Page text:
With activity bouncing back strongly, and inflation rising faster than expected, Deputy Governor Dave Ramsden said on Wednesday that the BoE might start to consider tightening monetary policy sooner than he previously thought.
On Thursday, Monetary Policy Committee member Michael Saunders went further, warning that sticking with the BoE’s full 895 billion pound ($1.24 trillion) bond purchase programme risked entrenching higher inflation expectations if the recovery continued apace.
On Friday, a group of lawmakers told the BoE to explain why it was not winding down its stimulus.
But the way ahead is far from clear.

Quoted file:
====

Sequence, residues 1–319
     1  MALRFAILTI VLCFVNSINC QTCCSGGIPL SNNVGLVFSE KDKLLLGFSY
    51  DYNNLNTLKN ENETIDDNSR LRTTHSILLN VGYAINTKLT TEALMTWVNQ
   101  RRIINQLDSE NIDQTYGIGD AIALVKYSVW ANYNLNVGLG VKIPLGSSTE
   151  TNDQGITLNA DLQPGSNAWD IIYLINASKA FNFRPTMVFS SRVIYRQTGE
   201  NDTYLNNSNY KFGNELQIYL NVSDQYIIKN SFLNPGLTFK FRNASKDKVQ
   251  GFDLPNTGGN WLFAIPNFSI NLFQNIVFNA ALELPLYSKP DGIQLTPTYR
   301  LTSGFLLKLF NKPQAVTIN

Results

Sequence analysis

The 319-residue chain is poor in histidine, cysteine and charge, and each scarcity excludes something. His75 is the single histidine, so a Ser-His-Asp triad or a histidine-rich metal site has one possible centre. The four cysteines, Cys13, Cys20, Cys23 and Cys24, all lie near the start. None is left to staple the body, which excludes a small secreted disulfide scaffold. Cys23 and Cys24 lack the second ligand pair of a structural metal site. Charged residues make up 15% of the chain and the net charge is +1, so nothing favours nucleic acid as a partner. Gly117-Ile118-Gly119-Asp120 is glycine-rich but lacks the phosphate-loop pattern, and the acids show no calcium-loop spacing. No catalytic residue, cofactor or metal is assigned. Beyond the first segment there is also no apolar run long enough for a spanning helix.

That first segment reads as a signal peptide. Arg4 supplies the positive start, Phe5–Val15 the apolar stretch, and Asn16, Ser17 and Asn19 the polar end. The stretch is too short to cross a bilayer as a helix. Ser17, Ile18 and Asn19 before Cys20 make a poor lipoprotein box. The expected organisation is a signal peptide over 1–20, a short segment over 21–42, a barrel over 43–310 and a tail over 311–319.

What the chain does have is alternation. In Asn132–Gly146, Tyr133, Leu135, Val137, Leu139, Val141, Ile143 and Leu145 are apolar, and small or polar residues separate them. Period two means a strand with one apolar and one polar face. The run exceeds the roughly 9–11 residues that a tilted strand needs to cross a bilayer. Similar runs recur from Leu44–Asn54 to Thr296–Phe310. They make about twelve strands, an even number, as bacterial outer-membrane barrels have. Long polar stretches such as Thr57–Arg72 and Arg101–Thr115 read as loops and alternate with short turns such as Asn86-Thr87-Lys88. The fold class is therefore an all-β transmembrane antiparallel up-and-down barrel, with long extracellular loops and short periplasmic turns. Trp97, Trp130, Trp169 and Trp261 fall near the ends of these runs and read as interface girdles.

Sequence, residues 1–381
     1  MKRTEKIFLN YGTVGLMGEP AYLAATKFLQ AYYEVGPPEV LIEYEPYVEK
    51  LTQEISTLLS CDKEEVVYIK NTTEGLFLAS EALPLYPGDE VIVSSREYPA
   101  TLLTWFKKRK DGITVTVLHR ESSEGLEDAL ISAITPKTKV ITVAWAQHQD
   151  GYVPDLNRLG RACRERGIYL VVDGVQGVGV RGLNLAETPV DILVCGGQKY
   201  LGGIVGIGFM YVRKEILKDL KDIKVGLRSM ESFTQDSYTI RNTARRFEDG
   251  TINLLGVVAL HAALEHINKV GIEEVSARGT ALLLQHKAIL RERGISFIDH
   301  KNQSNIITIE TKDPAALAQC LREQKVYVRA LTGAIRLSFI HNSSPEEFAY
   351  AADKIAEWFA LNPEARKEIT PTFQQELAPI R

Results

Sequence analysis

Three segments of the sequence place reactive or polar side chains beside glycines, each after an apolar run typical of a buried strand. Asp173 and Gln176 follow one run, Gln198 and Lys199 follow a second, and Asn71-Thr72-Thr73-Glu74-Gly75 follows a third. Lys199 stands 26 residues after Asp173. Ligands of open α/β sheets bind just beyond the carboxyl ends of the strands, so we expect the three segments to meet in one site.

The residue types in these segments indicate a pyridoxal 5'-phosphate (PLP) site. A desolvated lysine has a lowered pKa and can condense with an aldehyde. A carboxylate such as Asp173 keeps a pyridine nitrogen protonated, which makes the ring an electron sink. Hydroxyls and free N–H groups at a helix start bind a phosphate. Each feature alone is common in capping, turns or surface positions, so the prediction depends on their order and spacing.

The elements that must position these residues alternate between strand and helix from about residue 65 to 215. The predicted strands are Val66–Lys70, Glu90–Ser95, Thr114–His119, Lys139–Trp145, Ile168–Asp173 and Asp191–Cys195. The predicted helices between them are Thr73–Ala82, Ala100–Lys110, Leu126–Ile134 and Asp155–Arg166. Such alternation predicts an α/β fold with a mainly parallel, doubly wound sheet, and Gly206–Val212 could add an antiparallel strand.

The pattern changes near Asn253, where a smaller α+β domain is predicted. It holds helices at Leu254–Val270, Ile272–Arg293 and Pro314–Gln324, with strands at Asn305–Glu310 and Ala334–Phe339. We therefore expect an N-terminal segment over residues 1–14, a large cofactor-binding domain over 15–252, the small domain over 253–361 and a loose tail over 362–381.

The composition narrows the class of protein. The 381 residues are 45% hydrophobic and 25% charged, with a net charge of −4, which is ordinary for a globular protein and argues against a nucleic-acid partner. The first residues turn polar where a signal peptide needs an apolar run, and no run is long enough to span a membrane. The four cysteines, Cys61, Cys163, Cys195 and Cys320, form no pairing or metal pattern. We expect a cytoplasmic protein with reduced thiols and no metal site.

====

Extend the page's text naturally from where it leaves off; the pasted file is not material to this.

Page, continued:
The BoE does not know how many jobs will be lost when the government ends its wage subsidies programme in September, so MPC members remain cautious about removing stimulus.
And the central bank is acutely aware of how talk by the U.S. Federal Reserve of merely slowing bond purchases in 2013 caused a “taper tantrum” which pushed up borrowing costs in financial markets sharply and forced the Fed to stress it was in no rush.
Below is a summary of the ways the BoE…